There comes a point in every churchgoer’s life when church becomes monotonous. The music doesn’t hit you the same way. The sermon becomes background noise as your mind races across various landscapes. The people become less inviting and more annoying. And every so often, a thought comes to mind: maybe I should just leave.
I won’t mention a specific church that I’ve attended or currently attending, because I’ve felt this way with every church I’ve been to. If anything, it’s like a rite of passage. The spiritual and emotional highs of church community immediately send you crashing into harsh realities. People suck. The sermons can be boring. The songs are not that great. I just don’t feel like volunteering, yet I’m still smiling at the door. Church then starts to feel like high school, where everyone is typecasted into cliques and I’m the weird loner with no subgroup to call his own.
I imagine most outsiders view Christians as smile ridden strangers who love to talk about their unhealthy obsession with a crucified carpenter. And church is just a meeting place where they can indulge in their beliefs and never wrestle with their faith. But as someone who has been in the inside for his entire life, I can tell you that it’s not always the most comforting experience. Christians (especially older ones) are always watching. From your clothing to your demeanor, anything is prone to judgment. And it’s not inherently bad. What family member doesn’t offer criticism whenever necessary?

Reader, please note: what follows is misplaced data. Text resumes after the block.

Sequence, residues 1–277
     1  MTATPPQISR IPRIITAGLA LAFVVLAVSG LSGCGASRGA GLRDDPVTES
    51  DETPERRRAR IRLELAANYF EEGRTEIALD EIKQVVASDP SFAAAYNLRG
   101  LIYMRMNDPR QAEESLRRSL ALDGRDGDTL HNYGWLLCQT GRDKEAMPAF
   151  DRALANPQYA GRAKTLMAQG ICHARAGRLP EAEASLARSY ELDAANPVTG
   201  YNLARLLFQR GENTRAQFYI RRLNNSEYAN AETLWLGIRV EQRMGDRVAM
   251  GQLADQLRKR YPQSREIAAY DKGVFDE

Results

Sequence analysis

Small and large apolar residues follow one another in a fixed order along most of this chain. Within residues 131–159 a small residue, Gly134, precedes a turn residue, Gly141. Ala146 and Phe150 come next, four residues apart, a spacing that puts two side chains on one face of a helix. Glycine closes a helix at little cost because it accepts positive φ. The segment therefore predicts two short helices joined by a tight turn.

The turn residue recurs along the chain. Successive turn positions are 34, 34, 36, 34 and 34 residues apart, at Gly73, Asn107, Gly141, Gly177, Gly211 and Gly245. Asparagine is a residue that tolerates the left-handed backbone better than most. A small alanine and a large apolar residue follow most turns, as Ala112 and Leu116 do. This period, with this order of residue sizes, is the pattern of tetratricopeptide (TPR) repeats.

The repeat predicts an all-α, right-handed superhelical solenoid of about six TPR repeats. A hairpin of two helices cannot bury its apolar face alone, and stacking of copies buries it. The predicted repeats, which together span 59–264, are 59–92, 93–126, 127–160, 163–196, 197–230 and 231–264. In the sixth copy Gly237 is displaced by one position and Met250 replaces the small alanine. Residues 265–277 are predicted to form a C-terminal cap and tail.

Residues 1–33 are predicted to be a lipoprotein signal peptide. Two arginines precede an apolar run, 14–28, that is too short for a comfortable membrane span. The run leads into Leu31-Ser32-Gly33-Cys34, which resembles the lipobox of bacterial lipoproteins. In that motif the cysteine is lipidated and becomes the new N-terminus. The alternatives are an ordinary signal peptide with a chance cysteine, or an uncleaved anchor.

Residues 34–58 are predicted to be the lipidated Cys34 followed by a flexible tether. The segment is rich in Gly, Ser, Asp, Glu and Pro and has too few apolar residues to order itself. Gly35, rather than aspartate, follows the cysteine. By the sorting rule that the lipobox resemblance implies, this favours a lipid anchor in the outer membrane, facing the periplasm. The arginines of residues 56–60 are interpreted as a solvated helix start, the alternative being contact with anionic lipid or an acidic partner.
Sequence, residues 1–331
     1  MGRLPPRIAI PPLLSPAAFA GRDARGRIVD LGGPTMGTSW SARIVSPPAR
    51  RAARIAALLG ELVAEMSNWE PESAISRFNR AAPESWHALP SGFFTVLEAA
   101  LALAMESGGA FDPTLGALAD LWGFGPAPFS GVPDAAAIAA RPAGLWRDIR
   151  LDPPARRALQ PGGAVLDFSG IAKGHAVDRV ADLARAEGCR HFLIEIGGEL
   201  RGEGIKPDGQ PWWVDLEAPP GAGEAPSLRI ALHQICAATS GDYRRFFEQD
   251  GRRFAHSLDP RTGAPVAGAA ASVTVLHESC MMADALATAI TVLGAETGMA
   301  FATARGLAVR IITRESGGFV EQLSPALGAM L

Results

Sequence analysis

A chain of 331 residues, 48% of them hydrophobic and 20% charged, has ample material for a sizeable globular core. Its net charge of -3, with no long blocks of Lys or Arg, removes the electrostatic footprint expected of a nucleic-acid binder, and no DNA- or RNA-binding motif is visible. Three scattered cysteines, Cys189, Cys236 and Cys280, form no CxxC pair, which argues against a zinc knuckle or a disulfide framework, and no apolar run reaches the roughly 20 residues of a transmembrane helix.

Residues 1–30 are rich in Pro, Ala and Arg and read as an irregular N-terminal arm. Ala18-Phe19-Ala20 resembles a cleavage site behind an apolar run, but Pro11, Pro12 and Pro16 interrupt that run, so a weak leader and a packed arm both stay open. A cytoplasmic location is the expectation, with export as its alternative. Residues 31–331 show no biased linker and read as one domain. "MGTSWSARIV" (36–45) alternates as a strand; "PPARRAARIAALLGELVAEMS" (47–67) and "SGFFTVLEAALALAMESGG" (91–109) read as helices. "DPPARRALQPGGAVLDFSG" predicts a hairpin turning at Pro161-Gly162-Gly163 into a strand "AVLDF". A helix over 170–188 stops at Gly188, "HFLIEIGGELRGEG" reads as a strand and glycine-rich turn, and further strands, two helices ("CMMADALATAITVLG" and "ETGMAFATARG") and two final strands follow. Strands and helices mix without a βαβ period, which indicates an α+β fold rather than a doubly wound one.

The church is like a family. Although you can pick it, there are moments when you would rather not deal with them. It reminds me of a verse in Hebrews that commands Christians to not forsake the gathering of the saints. Regardless of how you interpret the verse, it’s clear that the Christian life is better lived with people. Imperfect, failing, yet loving people. Right now, I’m not so in love with my church, but there’s no telling what can happen later on.
And the same may be for you. As a newcomer or veteran, understand that church is not a country club for the perfect. But a hospital for the sick and sinful. Casting comforts aside, I need to be more willing to love the family I only see on Sunday. I need to appreciate our weekly reunions where we come together to meet our Heavenly Father. At this moment, I don’t feel like meeting with them. But I’ll have eternity to spend them.
So it’s best to get comfortable, even when you feel uncomfortable.